Washington Attorney General Bob Ferguson accused a Facebook employee of knowingly providing false information during testimony over the company’s purported violation of state campaign finance statutes.
The accusation, contained in court documents spotted by The Seattle Times, asserts that a representative for the advertising giant and the company’s attorneys both knew they were lying when providing testimony regarding the state’s lawsuit about Facebook’s handling of political ads.
Washington’s unusual campaign finance laws require companies that accept political ads to keep publicly available records about who purchased those ads.
Previous to the existing lawsuit, Facebook had been sued by the state and in 2018 reached a settlement by agreeing to pay a $238,000 fine. Washington settled a separate lawsuit with Google over the same issue.
At the time, Facebook said that it would stop selling political ads in Washington, rather than comply with the law, though the court did not require Facebook to do so.
The more recent lawsuit, filed in King County Superior Court in April 2020, asserts that the company never changed its ways and even continued to accept political ads in the state after promising to stop.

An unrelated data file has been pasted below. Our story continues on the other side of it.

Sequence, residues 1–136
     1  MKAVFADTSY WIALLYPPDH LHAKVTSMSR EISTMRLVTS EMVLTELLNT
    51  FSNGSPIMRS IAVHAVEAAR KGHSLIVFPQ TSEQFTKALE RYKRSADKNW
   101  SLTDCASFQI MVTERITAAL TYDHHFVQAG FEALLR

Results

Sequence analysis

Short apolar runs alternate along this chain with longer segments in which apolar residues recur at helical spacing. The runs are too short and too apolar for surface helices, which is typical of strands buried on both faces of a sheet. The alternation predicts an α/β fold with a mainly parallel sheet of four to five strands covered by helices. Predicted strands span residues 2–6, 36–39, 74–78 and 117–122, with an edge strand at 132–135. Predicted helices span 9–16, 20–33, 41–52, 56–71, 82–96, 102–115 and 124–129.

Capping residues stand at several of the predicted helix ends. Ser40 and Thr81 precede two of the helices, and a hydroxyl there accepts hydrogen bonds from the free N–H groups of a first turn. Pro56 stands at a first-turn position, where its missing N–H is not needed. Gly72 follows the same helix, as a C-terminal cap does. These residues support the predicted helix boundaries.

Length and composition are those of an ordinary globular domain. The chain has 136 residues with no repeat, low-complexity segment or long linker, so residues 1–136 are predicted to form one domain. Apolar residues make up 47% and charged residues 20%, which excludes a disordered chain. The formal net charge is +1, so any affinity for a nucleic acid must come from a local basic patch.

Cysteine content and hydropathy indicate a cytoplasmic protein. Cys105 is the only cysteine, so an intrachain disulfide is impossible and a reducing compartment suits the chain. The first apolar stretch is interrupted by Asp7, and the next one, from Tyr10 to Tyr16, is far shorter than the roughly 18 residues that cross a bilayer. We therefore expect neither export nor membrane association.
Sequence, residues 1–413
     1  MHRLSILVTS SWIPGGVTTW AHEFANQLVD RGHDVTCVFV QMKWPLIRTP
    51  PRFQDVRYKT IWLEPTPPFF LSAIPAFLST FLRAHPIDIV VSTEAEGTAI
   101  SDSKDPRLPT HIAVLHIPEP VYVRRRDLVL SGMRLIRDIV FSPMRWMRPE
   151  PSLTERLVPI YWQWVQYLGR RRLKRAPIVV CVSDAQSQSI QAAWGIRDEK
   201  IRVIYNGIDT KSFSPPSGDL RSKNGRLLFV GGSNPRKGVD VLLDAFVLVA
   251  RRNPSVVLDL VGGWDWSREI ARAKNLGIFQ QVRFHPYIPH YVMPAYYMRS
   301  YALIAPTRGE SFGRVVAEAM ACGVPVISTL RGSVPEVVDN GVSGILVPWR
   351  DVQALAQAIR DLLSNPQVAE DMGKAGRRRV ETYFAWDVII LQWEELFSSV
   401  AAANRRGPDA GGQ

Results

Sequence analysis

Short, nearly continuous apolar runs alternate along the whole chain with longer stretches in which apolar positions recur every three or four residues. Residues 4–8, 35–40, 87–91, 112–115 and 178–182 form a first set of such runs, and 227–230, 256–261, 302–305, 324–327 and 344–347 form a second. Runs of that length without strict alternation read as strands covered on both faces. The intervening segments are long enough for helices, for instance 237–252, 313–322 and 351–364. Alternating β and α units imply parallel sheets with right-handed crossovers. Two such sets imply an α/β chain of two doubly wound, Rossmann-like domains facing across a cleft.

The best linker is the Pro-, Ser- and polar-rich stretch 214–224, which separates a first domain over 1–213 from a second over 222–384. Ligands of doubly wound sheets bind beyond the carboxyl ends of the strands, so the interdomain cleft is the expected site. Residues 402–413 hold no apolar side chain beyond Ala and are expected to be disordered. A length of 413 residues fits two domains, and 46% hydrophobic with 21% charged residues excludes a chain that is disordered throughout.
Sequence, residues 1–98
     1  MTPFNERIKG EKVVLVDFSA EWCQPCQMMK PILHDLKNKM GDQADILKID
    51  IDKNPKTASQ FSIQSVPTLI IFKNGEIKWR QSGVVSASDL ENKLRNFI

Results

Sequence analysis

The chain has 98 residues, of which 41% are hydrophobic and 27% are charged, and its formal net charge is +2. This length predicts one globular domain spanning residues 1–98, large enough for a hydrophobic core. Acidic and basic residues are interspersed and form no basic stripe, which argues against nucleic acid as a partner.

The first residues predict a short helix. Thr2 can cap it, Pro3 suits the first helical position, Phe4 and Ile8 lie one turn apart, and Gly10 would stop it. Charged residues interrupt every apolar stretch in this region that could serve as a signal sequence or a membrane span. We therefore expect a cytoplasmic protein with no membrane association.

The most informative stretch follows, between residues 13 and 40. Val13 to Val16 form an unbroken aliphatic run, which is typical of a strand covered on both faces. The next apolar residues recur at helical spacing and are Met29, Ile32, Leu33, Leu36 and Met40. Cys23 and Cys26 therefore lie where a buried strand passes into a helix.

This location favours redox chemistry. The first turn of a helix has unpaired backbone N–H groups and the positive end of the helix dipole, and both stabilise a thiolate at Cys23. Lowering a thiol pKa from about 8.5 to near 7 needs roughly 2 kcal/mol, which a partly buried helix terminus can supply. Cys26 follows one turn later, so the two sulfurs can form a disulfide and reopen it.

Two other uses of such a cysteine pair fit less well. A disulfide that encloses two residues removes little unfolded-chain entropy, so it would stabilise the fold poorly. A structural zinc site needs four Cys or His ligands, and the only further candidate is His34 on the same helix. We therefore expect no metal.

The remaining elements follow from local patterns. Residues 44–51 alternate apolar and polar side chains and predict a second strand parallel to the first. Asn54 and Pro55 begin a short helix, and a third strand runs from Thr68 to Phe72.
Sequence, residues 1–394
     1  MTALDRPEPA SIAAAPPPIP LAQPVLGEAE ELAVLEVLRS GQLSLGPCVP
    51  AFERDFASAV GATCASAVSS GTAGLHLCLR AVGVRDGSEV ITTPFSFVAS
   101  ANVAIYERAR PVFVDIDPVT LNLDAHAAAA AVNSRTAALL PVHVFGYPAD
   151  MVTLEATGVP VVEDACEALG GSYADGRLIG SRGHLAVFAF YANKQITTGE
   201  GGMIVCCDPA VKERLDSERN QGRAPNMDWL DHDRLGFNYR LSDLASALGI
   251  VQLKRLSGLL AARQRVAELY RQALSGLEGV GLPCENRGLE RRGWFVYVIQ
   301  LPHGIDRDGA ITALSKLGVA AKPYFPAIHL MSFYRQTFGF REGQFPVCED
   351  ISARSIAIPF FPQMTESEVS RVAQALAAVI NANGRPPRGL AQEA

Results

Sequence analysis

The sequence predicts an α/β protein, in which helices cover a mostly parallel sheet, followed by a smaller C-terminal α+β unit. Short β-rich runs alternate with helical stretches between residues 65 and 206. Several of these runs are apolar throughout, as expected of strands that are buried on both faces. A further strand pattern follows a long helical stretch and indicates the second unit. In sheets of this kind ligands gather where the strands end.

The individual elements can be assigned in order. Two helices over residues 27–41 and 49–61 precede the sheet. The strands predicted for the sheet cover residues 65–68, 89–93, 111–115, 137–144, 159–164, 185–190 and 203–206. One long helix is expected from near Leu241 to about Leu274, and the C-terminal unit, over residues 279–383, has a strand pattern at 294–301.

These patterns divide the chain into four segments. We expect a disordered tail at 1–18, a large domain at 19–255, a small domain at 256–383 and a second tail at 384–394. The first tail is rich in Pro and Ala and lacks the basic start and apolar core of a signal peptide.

The lawsuit claims Facebook sold ads to 171 political committees in Washington state, which generated approximately $525,000 in revenue. But the company didn’t keep required data available, Ferguson’s office says.
At the time of the second lawsuit, a Facebook spokesperson said the company’s policy continues to forbid ads targeted to Washington state users or related to local issues, however company representatives acknowledged that some ads slipped through. Facebook representatives then declined to comment further, stating that it was an ongoing legal matter.
A company representative could not be reached for comment on the most recent court filings.
In the previous court filings, Facebook’s attorneys have argued the state’s advertising disclosure law is unconstitutional. Responding specifically to new allegations, company attorneys said the testimony wasn’t false because the questions and comments were outside the scope agreed upon by both parties, according to filings.